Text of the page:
Chad: Well, it's not just losing the candidates. You're buying them over and over and over. It's the same goddamn people. And you're spending money for the same people.


James Appleton: Yeah. Exactly.


Chad: Yeah.


James Appleton: So for us at the moment, we are developing very deep auto tagging to put all of those candidates, caption them in the system but in a very deep targeted way with a lot of filtering.


Chad: Yeah.


James Appleton: If you can do that and then use our CRM so you can keep those candidates warm but also use it for employees as well. There's that bridge between, very big on that bridge between TA and L&D. How do you pull that piece in so that you keep... Because the biggest problem, the biggest driver that we've got within our industry is people leaving, obviously it's that churn...


Chad: Churn. Yeah. Churn.


James Appleton: That you're constantly getting. How do you keep those people? And it's actually by engaging them and showing them, recommending jobs to them. So one of the things we can take that to the nth degree and what we're building at the moment is you come, you spent once. You spent your money wherever you spend it, whether it's Indeed, whether it's wherever you've spent all and/or wasted your money and it's gone out and you bring those people in and then if you keep them... If you can keep them, you can tag them. And then what we can do is with our AI algorithm, so it's open, we'll match those people in, be able to say then, and this is what we're building towards at the moment.


Chad: Yes.


James Appleton: So is be able to invite them directly to interview. That's the flattering piece. If you can say to someone, "We've got these five people who have matched, we've got 500,000 people in our talent pool. These five people have matched and we want to invite you directly to interview." That's the piece.


Chad: I think the most compelling piece for me is that you guys are so focused and disciplined in one specific area, that you can really understand how matching works because you are focused on just that one area. Unlike, like you had said, like Indeed who is everything and... Tries to be everything to everybody and they suck at matching and they suck at quality. So therefore, it's the difference between that generative versus domain specific knowledge.


James Appleton: It's exactly that. And being able to be really focused. And personally for me, the knowledge that I've got, what I've done before, and when I speak to our clients, and we'll do some kind of consultancy for some of our big clients, whether that's KFC, whether that's Radisson, whether... Whoever that is. And actually it's bringing that piece because it is focused, because of how we're doing it.


Chad: Right.


James Appleton: And it's getting to that point. If you can spend your money once and you can spend it wisely, but the difference where I want to us to be able to flip people to is spending above the line. Recruitment marketing is not done like marketing. It's done by this 1, 1, 1. If you imagine you were doing that and you were spending money to market one burger sale, it's insane to think of it, like that point of view. If you were whoever and you're trying to sell that one burger and you were putting dollars behind selling one burger, it makes 0 cent. You should be going above the line. So where we'll be leading towards is the ability to apply to a talent pool. I wanna put myself in there and it flips it round. So if I'm the employer, my message to the candidate is, let me find you a job, let me become your recruitment agent because you put yourself in the talent pool for my organization because you like it, you might not be ready yet. You can fill different stuff out. We can match you, and then we can use the recommendation algorithm to invite you to interview. That's the dream.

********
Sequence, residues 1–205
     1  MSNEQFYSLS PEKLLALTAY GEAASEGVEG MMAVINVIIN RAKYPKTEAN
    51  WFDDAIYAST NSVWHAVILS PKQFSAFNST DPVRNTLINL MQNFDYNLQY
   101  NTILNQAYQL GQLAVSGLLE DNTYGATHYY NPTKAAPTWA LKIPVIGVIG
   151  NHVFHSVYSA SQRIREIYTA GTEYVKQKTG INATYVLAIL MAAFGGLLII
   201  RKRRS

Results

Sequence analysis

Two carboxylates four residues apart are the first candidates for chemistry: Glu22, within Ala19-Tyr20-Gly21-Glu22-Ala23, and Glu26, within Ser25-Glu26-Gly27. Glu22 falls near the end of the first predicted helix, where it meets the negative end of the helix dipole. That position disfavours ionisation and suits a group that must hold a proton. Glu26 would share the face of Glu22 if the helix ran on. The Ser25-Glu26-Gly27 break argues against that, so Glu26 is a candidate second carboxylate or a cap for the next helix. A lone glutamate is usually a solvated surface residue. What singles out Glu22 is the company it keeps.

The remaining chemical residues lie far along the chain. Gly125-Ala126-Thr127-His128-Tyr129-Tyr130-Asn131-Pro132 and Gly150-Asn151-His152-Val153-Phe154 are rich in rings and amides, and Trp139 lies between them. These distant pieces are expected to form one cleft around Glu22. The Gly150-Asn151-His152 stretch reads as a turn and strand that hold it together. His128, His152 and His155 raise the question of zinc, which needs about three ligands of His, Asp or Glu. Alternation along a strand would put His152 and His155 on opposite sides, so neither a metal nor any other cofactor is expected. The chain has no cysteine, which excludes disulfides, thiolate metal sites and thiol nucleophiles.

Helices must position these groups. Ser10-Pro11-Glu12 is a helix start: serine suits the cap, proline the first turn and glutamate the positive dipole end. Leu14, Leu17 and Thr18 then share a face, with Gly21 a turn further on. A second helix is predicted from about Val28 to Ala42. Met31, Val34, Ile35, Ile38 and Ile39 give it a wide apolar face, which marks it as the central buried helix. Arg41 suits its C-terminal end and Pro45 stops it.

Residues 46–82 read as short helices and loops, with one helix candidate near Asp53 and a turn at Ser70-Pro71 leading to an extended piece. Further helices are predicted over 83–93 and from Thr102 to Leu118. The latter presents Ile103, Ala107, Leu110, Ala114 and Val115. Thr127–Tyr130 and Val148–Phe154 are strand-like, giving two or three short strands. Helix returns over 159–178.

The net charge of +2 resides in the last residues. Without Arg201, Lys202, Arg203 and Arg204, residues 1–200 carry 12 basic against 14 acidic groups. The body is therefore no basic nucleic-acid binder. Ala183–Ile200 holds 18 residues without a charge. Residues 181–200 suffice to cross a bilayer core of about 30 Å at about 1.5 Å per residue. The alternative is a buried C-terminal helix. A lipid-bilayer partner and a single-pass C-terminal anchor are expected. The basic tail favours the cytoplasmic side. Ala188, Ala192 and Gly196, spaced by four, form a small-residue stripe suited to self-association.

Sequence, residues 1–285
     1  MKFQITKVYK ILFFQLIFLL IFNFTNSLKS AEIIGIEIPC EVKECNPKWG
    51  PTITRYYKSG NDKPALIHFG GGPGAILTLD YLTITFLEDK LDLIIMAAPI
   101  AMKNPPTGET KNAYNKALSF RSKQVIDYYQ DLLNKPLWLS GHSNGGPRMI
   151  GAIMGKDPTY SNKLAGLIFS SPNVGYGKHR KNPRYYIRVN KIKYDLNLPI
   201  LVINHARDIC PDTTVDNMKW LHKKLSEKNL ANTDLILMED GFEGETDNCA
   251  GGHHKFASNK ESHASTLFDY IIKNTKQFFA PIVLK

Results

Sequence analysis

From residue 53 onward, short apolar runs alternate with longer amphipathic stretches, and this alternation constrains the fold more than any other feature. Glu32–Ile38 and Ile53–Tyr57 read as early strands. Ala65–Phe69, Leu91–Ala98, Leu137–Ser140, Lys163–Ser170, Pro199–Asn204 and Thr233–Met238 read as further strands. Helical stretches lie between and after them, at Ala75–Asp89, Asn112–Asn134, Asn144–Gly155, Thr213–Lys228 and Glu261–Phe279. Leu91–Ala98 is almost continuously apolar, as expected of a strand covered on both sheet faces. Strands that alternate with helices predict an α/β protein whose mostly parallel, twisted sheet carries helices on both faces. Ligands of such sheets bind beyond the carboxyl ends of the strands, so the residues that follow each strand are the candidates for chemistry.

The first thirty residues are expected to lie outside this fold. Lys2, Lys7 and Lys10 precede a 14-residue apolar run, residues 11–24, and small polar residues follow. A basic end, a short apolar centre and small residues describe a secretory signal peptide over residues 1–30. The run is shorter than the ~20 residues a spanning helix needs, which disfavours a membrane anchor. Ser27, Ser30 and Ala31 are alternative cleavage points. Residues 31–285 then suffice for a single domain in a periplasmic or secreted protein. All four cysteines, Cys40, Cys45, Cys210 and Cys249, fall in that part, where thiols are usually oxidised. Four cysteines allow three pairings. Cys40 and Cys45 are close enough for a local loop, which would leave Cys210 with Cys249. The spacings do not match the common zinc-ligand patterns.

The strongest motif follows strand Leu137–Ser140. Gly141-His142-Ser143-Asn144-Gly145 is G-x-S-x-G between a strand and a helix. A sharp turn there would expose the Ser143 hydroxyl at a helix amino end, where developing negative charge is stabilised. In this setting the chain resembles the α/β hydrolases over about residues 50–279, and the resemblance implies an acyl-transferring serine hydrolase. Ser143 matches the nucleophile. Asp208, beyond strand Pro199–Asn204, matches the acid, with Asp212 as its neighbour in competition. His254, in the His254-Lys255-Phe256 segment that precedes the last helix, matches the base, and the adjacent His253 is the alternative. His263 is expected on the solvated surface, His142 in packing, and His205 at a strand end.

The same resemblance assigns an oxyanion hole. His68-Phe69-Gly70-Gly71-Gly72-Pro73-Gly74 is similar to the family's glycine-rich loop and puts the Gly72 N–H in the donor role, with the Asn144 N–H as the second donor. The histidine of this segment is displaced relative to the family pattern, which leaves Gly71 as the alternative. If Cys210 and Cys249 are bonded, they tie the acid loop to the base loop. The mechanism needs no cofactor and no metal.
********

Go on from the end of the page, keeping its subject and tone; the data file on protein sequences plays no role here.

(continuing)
Chad: There you go.


James Appleton: And then you spend your dollars above the line.


Chad: Yeah.


Joel: You had me at cheeseburgers. Why does this show always go to food even when we're not even trying.


[laughter]


Chad: And it's lunchtime. Jesus.


Joel: Yeah. Let's talk about competitive landscape for a second. You mentioned Indeed, when I hear, your LinkedIn tag, I think of Jobcase saying, "We're LinkedIn for everyone who's not on LinkedIn." So there's some confusion there, which you've seen as a buyer, kind of differentiate the competitive landscape and where you guys fit in it.


James Appleton: For us in terms of who we might see ourselves against, it might be iSIMS, it might be Paradox and those places, for different reasons. We have... Very similar from a Paradox point of view and Olivia, we have Carrie, and what we can do there, and lots similarities with different people. Where we bring it together is that focus that, that focus of what we can do and how we can bring it all together around hospitality and the depth that we can go into. And particularly around, what we're saying there, with the talent pooling that will increasingly is, but will increasingly become a real, real key part for us.


Joel: Have you guys talked to Prince Harry about being a pitchman for the company?


[laughter]


James Appleton: Absolutely. Absolutely. It's in talks at the moment.


Joel: Yeah. He might be discounted.


Chad: We're trying to get his name changed officially to Prince Harry with an I.


James Appleton: Yeah, with an I.


Joel: That'd be even better.


James Appleton: But it's difficult. Charles has just vetoed it. But at the moment, we've got the coronation coming up, so if I get a late invite.


Chad: Go through Meghan, she'll get shit done.


James Appleton: She will get shit done. She will.


Joel: I love it. That is James Appleton everybody. James, for our listeners that want to know more about you or connect with the company, where would you send them?


James Appleton: To connect with me, find me on LinkedIn, reach out to me, but otherwise either me or to Harri.com and we will come right to you.


Joel: Did somebody say cheeseburgers? It's lunchtime, Chad.


Chad: Yes.


Joel: Another one in the can, we out.


Chad: We out.


Outro: Wow. Look at you. You made it through an entire episode of the Chad and Cheese podcast. Or maybe you cheated and fast forwarded to the end. Either way, there's no doubt you wish you had that time back. Valuable time you could have used to buy a nutritious meal at Taco Bell. Enjoy a pour of your favorite whiskey. Or just watch big booty Latinas and bug fights on TikTok. No, you hung out with these two chuckleheads instead. Now, go take a shower and wash off all the guilt, but save some soap, because you'll be back. Like an awful train wreck, you can't look away. And like Chad's favorite Western, you can't quit them either. We out.